Our job is to make business work better. The tool we should use at any given time is a function of the problem and maturity of the process area wherein the problem lies. We should not and cannot stick to one tool as if it were some sort of religion.

    0
    #99413

    KBailey
    Participant

    Am I missing the boat on SS, or is it other people?
    To me, Six Sigma is:

    Basic problem-solving methodology
    Organizational discipline
    DMAIC is not really some special new technique. Basic problem-solving, from 1st grade: first you define the problem. That’s DM in DMAIC. Then you identify possible solutions. That’s the A. Then you choose and implement the best one. That’s I.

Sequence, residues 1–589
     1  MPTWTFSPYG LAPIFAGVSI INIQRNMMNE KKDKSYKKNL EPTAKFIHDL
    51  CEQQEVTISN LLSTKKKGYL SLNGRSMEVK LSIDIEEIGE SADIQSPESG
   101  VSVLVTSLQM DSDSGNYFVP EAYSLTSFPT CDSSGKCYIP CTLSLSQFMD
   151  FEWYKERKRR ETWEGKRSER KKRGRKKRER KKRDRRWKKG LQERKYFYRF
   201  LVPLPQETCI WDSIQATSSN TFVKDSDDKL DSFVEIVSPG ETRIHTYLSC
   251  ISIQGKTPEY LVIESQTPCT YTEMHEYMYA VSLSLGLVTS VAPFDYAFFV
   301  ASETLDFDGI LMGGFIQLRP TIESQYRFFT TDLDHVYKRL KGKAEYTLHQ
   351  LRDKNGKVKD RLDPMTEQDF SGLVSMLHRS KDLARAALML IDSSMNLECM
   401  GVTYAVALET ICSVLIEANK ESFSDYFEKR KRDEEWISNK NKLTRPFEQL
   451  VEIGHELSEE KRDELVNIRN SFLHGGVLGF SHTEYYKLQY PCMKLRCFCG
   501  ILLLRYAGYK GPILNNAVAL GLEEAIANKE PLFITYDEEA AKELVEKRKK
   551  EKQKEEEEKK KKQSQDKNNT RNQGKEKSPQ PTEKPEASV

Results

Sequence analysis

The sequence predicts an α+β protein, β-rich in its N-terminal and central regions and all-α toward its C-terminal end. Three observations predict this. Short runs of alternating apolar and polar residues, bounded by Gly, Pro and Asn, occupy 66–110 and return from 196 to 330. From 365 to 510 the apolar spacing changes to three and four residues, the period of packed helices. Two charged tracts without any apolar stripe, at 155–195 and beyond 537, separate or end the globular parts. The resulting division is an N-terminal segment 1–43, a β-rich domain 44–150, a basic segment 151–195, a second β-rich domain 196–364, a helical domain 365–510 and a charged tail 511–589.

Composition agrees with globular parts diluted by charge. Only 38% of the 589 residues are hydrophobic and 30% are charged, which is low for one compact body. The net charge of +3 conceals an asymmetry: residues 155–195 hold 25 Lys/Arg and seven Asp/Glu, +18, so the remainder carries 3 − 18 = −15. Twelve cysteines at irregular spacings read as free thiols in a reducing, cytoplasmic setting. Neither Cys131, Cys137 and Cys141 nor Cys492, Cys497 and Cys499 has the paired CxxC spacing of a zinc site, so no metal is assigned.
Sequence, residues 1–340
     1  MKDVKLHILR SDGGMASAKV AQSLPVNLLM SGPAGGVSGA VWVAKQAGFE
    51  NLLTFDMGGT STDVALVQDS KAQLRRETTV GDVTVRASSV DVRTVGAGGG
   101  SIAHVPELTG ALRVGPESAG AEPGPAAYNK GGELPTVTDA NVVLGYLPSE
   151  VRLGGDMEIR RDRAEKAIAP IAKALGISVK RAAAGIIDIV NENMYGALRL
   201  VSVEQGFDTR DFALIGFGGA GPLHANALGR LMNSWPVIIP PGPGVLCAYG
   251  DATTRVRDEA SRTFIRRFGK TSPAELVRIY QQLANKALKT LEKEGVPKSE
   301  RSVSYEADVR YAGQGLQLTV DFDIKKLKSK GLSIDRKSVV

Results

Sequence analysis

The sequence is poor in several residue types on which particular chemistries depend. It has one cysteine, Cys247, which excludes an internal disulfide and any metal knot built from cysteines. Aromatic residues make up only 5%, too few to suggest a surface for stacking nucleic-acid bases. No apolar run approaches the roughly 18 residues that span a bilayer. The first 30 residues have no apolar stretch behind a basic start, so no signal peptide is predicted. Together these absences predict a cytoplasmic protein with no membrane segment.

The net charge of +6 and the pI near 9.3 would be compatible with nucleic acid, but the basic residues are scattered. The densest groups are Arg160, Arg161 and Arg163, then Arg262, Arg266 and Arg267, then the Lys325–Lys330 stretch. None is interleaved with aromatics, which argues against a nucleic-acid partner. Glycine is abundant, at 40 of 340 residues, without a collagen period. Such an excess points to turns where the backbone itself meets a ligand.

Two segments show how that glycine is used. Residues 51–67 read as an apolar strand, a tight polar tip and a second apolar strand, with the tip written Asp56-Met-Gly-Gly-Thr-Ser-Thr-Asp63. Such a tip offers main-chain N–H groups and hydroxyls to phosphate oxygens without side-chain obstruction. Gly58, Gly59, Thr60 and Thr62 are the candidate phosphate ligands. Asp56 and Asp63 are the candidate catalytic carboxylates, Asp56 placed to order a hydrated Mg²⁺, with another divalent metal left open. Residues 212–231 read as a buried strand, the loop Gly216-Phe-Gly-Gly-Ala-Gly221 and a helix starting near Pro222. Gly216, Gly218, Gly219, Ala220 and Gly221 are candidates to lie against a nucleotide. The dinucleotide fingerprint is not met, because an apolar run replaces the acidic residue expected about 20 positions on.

The first part of organizational discipline is simply remembering and applying what you learned, the C. The practical definition of intelligence requires a change in behavior as proof of learning. In other words, the lack of discipline to apply the C in DMAIC is proof of a lack of organizational intelligence. The second part of organizational discipline is recognizing the limitations of intution, no matter how smart you think you are, and looking for good information in decision-making; dedicating some resources to proactively apply basic problem-solving techniques.
    Where do people get the idea that Six Sigma is a tool or a set of tools? Most of the tools have been around for years and have application outside of formal Six Sigma programs. When I hear someone say Six Sigma doesn’t fit their needs, I interpret it to mean one of two things: